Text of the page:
So if Jesus is personal and people have different cultures, traditions and upbringing we are going to find him in different ways. Bottom line is do you accept Jesus as Savior? However you do is not the issue, the issue is that though faith you accept Christ.
This concludes the Book of John Barry. It is not available for sale or reprint and is void where prohibited by law or any other reason. .
There was to be a 2nd Chapter but no one read the first including me so it not needed. I do love the term The Good Book which is reserved for the Good Book.
My question about whether we can meet him in other places if we turn our backs on refugees was rhetorical — yes, we can, because we meet him by grace. But he is there with refugees, and when we turn our backs on them, we turn them on him as well.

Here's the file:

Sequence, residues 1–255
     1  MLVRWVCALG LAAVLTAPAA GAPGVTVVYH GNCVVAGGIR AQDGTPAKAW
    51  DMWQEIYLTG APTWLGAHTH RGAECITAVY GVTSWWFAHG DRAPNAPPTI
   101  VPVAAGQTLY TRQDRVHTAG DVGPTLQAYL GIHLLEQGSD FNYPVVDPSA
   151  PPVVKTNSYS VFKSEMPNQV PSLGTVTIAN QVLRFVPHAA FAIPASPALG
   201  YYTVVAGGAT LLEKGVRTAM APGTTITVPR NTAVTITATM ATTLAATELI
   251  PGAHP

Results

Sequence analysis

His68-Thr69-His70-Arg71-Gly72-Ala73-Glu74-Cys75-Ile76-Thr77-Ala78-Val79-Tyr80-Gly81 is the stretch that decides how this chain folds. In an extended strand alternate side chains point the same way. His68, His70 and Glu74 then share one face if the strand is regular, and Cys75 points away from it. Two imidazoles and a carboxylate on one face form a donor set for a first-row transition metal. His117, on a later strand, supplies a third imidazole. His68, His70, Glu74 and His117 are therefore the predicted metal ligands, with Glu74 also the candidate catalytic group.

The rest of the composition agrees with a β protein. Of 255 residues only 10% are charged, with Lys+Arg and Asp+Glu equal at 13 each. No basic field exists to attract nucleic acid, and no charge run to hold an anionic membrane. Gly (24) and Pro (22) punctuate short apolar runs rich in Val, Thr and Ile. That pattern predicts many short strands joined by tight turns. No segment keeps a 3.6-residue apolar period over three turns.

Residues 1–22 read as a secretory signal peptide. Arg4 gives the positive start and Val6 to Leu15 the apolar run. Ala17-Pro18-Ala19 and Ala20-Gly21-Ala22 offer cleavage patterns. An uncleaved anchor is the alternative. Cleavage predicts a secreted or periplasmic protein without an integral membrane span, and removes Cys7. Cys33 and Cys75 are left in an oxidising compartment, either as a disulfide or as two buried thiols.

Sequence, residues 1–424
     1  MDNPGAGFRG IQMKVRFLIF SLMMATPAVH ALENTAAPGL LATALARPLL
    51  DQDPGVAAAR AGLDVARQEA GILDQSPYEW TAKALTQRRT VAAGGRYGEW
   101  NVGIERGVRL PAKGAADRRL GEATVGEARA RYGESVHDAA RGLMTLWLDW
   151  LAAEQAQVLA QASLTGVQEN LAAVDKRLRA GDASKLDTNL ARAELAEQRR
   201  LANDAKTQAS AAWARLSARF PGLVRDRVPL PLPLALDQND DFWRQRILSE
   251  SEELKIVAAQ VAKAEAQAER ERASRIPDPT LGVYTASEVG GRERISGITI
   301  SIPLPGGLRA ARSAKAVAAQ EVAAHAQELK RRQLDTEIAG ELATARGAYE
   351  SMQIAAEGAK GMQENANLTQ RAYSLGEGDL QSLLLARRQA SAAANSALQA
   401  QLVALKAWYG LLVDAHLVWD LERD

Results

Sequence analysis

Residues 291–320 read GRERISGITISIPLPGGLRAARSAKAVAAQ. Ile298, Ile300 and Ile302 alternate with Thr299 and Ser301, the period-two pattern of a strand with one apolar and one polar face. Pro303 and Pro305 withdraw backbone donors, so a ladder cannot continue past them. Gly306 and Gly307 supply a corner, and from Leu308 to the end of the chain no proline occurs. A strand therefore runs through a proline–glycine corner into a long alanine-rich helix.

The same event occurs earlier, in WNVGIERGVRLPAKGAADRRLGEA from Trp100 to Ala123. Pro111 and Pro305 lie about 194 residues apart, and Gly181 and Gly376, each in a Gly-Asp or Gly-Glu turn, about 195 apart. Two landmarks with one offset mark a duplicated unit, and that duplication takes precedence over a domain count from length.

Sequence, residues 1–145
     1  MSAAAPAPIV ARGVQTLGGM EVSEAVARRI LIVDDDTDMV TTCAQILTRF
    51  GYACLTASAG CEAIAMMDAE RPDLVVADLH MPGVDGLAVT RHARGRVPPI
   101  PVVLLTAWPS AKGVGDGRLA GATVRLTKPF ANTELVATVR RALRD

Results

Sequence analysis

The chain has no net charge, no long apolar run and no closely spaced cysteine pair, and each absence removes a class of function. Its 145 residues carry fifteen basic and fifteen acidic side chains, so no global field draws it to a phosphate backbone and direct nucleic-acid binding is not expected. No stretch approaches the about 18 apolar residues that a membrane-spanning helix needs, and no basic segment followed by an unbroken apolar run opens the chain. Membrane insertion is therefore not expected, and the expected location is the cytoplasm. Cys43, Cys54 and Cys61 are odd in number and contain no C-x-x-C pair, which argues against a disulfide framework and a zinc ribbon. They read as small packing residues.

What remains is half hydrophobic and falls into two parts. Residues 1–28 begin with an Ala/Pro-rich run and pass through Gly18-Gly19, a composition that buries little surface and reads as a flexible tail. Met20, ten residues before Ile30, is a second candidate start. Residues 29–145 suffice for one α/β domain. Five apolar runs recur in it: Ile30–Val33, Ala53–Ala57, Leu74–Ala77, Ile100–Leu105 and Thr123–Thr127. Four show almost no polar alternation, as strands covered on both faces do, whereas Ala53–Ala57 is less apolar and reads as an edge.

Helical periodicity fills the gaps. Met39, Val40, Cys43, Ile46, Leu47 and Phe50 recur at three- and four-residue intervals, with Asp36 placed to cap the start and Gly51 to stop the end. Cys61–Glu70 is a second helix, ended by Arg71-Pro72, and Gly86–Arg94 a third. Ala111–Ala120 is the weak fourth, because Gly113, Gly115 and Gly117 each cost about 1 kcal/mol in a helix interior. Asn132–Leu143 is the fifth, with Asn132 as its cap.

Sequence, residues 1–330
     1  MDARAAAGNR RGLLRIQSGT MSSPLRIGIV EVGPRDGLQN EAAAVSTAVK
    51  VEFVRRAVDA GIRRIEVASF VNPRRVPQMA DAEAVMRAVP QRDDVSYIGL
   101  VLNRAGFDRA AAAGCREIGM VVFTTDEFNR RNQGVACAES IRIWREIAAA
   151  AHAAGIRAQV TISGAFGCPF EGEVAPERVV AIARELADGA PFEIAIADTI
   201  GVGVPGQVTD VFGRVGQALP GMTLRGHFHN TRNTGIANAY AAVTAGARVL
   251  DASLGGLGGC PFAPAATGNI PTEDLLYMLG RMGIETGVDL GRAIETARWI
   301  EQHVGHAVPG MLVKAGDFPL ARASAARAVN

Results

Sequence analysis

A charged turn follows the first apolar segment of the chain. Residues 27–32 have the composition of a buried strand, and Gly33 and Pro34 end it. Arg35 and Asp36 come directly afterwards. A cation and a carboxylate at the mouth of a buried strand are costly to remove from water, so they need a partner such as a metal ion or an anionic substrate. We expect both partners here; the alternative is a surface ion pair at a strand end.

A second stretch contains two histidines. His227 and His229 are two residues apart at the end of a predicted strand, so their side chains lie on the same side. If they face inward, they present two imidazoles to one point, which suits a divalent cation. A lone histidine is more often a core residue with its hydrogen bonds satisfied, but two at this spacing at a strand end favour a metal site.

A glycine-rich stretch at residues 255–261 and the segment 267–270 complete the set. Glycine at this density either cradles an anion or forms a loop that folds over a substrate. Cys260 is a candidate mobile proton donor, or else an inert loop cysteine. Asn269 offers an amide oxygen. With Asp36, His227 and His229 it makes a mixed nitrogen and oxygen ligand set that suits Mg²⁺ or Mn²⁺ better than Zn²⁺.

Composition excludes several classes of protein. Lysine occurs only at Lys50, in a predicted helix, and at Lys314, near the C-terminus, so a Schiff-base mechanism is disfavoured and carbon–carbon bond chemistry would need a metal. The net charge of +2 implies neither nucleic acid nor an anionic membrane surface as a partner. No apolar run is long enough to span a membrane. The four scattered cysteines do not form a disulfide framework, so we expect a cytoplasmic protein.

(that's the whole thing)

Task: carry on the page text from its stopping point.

> If we turn our backs on him there…
I will play Devil’s Advocate: We turn our back on him all the time, including ways in which we are so culturally armored we cannot even begin to sense our turning – we meet him through Grace.
On the other [third?] hand: If when we meet him and there is not even so much as a mention of those things? Is it him, or a mirror? If the Jesus we meet does nothing but pat us on the back and say “Attaboy!”…. How often did Jesus say: “Now, you! Look at this rich man, he is a mighty fine example of how to use power and privilege”?
One of the ways that Jesus is especially present to us today is in refugees. If we turn our backs on him there, can we expect to meet him at the Eucharist, or in the worship and proclamation of the gathered church, or in our personal devotions and experiences?